Facts from Verité's ResearchApril 24, 2012
Probationary workers at a manufacturing facility in China are financially penalized for quitting their jobs. The factory’s Employee Entering Agreement stipulates that if probationary workers resign, they will be deducted wages as a management fee; if workers terminate employment before the end of three days, they will not be paid at all, irrespective of the reasons for termination.
Verité experiences conditions like these in factories and farms around the world every day. The problems and their causes are complex. Solving them requires dedicated, knowledgeable teams on the ground, working with governments, NGOs, unions, and local businesses. That’s what Verité does.
April 17, 2012
Workers at a manufacturing facility in Malaysia typically work eight regular hours and four overtime hours on "normal" workdays. Pay slips showed between 120 to 123 normal overtime hours for workers for the pay period ending in March 2011 (Malaysian labor laws limit overtime hours to 104 per month).
April 10, 2012
At a manufacturing facility in Taiwan, an addendum to the employment contract shows that the foreign contract worker must pay for the airfare to and from Taiwan.
April 4, 2012
The Employee Manual at a manufacturing facility in China stipulates that if a worker does not return his factory card when he ends employment, he will be deducted RMB 100 (the amount significantly exceeds the cost of a factory card) and if the worker does not return a meal card, he will be deducted one month’s meal fees (which is around RMB 176-200).
March 27, 2012
Workers at a manufacturing facility in Malaysia are working in excess of 12 hours per day. Some workers reported for work at 6:20am and clocked out at 9:30 to 10:00 pm, working 6 to 7 hours of overtime per day and more than 72 regular hours per week.
March 13, 2012
During an audit of a manufacturing facility in Malaysia, a designated emergency exit door in the warehouse was locked and blocked by storage shelves and assorted materials in front of and at the rear of the door, creating serious safety hazards during an emergency evacuation.
March 6, 2012
A manufacturing facility in China requires all job applicants to submit hepatitis B virus (HBV) test records during their recruitment. Chinese regulations prohibit employers from forcing the testing of an applicant or employee’s HBV serological indicators, except for certain jobs. The test at this factory is considered a form of discrimination by Chinese law.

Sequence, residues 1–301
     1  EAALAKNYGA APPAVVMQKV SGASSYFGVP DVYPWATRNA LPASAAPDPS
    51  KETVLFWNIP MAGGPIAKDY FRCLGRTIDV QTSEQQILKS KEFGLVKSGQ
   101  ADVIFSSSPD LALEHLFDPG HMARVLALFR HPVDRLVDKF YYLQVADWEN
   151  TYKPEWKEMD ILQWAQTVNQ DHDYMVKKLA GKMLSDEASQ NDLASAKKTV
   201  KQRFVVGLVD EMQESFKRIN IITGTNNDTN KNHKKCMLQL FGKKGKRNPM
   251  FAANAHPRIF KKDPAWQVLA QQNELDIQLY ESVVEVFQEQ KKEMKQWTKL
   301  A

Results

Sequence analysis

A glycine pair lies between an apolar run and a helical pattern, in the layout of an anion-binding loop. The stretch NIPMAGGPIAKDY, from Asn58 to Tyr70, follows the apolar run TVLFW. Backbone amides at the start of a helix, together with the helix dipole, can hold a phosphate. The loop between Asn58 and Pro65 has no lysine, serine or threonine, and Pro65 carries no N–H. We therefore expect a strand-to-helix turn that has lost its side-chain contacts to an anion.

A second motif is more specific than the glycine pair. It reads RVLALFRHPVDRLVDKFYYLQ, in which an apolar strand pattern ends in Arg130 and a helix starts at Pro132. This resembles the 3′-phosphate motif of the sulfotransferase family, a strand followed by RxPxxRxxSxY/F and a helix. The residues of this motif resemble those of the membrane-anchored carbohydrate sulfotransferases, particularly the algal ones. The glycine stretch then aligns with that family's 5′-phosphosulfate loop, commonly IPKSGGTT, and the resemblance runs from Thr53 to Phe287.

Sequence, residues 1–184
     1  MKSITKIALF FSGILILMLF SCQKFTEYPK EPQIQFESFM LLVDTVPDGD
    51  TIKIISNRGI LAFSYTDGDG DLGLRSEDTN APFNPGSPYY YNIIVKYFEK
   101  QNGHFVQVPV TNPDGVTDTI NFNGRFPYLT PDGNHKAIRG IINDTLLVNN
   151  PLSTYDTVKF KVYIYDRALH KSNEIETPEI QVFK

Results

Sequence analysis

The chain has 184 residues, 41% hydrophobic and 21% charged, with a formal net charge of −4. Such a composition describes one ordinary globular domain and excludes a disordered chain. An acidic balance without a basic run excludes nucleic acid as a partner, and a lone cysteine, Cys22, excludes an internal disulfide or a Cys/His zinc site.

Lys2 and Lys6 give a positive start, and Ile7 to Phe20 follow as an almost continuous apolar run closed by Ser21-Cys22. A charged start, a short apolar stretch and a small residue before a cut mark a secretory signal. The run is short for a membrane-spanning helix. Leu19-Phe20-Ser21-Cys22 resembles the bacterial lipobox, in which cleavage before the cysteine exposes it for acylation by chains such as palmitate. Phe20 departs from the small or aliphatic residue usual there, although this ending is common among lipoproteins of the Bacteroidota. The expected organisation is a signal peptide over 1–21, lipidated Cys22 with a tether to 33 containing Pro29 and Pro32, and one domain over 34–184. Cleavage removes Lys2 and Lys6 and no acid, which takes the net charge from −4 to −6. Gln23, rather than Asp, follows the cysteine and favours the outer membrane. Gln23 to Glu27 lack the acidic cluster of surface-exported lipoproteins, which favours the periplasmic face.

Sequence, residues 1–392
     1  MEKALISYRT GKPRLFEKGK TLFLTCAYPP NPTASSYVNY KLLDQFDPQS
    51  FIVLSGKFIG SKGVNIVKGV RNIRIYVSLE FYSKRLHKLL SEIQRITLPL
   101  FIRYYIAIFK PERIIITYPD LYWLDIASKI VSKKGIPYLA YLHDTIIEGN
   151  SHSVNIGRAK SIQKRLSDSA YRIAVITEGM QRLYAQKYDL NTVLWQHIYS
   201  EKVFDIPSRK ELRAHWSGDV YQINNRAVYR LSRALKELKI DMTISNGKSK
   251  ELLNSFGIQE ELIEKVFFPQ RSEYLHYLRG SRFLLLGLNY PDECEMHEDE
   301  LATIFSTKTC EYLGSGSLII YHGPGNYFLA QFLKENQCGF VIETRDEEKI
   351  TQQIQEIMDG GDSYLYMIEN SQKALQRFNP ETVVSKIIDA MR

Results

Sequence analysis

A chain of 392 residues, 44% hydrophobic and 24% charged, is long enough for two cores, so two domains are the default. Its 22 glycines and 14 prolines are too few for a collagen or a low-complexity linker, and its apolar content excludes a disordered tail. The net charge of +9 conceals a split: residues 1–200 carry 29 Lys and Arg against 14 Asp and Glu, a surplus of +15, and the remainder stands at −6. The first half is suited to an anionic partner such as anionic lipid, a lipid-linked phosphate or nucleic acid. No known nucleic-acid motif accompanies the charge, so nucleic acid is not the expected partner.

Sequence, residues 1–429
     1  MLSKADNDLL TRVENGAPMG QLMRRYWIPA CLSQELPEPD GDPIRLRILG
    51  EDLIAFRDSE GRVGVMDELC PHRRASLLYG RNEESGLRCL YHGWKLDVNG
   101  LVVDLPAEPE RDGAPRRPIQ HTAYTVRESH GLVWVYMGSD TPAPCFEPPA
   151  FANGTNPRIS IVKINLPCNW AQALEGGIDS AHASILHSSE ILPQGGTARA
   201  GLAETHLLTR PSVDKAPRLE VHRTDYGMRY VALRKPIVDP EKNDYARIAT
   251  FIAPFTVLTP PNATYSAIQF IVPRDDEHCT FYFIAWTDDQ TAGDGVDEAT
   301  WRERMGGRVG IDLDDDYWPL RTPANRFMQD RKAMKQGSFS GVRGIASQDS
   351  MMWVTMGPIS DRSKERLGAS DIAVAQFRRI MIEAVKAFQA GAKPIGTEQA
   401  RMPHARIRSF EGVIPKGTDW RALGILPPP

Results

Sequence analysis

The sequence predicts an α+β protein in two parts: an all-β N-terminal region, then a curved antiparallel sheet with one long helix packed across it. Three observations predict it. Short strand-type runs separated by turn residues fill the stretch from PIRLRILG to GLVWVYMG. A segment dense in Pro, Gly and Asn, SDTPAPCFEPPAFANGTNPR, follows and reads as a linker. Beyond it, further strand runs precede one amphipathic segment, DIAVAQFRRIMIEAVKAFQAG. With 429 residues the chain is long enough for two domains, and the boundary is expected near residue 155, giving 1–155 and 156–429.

February 29, 2012
At a manufacturing facility in China, a worker was fined RMB 100 for “failing to listen to her supervisor.”
February 21, 2012
To access their passports, foreign workers at a manufacturing facility in Malaysia are required to present a “valid reason” for retrieving the passport and pay a deposit of MYR 1,500. If the worker cannot put up the cash deposit, they must present three guarantors who must sign a promissory note to pay the deposit amount in the event the worker absconds.
February 15, 2012
At a manufacturing facility in Korea, time records for the months of January and March, 2011, showed that most workers had no days off for up to four weeks straight.
February 7, 2012
At a manufacturing facility in Malaysia, the first aid kit is kept locked in the warehouse. Workers need to dial the local telephone number of the person holding the keys to the kit. However, there are no phones within the immediate vicinity of the first aid kit.
January 31, 2012
At a manufacturing facility in Honduras, unionized workers told Verité that they were targeted by management, discriminated against and called “terrorists.” 26 union workers that were fired were offered severance pay at a rate of less than what is legally required. According to documents reviewed, these workers were fired “due to facility restructuring.”
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